Two giant, amoeba-killing viruses have been discovered that "hints at unknown parts of the tree of life," according to Nature.
Investigators from Aix-Marseille University of France found one of the viruses, which are about 1 micrometer long and about half that wide, off the coast of Chile, and later snagged another in a sample taken from a pond in Australia.
Only by comparing the two did the team realize these were viruses, which are larger than many bacteria, and they have now named them Pandoraviruses, Science's Ed Yong writes.
They also think that these viruses may represent "unknown parts of the tree of life," as only 7 percent of their genes match those found in existing databases.
“What the hell is going on with the other genes?” asks Aix-Marseille investigator Jean-Michel Claverie, adding that the find "opens a Pandora’s box."
Whichever parts of the tree of life they will be etched into, the Pandoraviruses are widespread, as another was found inside an amoeba living in the contact lens of a woman in Germany who had keratitis, Yong writes.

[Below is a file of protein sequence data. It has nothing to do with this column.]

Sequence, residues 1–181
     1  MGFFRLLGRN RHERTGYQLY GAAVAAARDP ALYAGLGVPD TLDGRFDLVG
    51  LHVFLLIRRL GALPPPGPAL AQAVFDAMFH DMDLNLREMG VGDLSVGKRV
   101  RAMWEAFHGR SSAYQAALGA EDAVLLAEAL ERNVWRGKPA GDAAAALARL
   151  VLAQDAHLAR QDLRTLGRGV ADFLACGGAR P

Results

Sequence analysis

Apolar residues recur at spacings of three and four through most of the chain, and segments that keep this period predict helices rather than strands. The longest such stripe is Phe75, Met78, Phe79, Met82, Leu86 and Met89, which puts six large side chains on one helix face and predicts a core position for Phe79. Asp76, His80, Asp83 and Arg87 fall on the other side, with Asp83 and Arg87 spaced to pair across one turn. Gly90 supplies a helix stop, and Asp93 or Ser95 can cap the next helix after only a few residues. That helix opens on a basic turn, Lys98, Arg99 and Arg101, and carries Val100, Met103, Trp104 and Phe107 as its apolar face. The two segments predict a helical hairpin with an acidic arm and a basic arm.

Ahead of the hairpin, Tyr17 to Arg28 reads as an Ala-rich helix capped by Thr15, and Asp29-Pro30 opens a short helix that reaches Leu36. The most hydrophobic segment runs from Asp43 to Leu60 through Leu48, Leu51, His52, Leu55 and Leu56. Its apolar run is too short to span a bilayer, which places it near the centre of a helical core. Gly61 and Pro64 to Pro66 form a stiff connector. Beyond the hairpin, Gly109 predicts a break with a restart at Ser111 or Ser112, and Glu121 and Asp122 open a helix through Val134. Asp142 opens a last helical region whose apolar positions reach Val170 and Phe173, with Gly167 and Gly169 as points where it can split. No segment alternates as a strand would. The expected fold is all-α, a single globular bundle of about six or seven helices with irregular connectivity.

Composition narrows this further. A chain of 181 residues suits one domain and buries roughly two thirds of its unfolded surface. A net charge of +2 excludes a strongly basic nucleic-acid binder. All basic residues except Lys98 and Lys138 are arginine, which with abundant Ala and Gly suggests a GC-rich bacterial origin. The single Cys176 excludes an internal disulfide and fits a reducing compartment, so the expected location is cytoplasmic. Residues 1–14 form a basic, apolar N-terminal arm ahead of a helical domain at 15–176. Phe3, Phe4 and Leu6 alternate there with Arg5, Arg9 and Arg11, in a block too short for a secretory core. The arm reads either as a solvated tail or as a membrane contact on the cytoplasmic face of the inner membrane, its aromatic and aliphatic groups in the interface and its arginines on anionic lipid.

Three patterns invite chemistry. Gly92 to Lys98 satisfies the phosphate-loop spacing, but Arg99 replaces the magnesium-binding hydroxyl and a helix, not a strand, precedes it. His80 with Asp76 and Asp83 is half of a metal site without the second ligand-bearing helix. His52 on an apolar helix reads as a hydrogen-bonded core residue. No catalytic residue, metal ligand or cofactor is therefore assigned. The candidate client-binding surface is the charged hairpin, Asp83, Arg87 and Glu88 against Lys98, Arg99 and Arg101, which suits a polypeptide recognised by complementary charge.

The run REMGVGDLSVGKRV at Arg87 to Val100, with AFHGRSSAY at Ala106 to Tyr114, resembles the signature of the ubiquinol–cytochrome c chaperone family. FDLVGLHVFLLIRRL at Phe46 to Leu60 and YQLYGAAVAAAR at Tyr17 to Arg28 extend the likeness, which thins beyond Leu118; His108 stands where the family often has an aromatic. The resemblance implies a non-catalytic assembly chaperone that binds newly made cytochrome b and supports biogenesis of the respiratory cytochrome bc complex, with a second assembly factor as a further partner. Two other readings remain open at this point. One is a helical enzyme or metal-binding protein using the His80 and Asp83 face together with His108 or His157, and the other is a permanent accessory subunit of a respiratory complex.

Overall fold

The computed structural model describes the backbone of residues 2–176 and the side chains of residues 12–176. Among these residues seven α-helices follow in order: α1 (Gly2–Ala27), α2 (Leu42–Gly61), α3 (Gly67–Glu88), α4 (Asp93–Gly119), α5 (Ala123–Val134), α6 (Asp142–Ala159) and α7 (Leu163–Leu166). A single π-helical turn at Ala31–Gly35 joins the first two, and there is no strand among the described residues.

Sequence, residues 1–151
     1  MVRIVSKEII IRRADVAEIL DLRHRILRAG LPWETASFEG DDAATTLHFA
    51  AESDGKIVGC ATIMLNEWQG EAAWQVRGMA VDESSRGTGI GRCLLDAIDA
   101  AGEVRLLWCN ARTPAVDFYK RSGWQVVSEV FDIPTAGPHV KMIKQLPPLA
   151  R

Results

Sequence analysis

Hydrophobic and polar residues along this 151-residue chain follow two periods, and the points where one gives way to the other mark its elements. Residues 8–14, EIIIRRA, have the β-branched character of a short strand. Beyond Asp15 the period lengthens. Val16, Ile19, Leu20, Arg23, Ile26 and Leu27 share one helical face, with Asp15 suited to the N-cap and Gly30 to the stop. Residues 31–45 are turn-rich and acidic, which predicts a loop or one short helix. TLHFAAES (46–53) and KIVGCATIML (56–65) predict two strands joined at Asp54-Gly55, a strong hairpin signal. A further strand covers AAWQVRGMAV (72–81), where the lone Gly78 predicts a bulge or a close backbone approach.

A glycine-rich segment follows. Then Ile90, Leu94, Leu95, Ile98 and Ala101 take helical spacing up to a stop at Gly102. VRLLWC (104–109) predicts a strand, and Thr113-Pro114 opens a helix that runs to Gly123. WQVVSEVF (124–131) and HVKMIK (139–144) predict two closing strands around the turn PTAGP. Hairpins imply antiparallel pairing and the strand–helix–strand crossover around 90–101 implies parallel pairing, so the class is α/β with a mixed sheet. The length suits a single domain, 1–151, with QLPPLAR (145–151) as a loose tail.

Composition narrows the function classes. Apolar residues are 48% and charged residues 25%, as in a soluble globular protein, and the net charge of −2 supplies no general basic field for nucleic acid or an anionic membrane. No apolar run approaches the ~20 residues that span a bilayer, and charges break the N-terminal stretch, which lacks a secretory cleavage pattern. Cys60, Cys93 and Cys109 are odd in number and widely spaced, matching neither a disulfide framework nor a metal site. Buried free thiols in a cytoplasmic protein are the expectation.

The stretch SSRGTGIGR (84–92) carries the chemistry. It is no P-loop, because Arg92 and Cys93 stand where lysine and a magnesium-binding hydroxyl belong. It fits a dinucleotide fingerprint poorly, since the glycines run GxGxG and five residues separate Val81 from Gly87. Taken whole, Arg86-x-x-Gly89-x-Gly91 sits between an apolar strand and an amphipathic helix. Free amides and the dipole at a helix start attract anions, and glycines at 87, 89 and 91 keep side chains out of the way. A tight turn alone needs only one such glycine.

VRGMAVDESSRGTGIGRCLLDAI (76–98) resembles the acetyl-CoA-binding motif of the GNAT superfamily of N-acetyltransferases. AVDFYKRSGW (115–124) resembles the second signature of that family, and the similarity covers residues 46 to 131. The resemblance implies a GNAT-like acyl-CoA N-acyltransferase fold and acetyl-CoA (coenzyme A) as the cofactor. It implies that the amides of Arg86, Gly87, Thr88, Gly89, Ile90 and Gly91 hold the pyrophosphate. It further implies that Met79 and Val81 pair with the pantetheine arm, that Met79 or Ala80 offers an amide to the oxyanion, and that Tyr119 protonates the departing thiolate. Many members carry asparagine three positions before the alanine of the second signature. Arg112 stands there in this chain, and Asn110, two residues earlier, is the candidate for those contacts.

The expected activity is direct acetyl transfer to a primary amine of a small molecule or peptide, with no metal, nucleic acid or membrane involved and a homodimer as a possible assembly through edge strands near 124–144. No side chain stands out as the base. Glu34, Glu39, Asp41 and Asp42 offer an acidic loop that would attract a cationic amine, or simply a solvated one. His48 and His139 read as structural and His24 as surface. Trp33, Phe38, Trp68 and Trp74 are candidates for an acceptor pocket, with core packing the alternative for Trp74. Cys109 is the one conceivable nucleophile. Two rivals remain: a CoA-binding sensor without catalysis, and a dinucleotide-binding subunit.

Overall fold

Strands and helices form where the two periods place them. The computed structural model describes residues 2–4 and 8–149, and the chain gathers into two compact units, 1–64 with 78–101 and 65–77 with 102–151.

“Reading this stunning article, I recognized that both P. salinus and P. dulcis are almost identical to what we described a few years ago,” says Rolf Michel, a parasitologist from the Central Institute of the Bundeswehr Medical Service, who found the German specimen in 2008. “We had no idea that those giant organisms could be viruses at all!"
The investigators found that the Pandoraviruses have a viral life cycle, contain core genes that are common to giant viruses, and observed them emptying proteins into the cells of amoeba and splitting those host cells open.
Now, the researchers plan to characterize the unknown genes and proteins the pandoraviruses encode and find out more about their evolutionary history, particularly to find out if they evolved from cells and how they may factor into the broader evolutionary picture.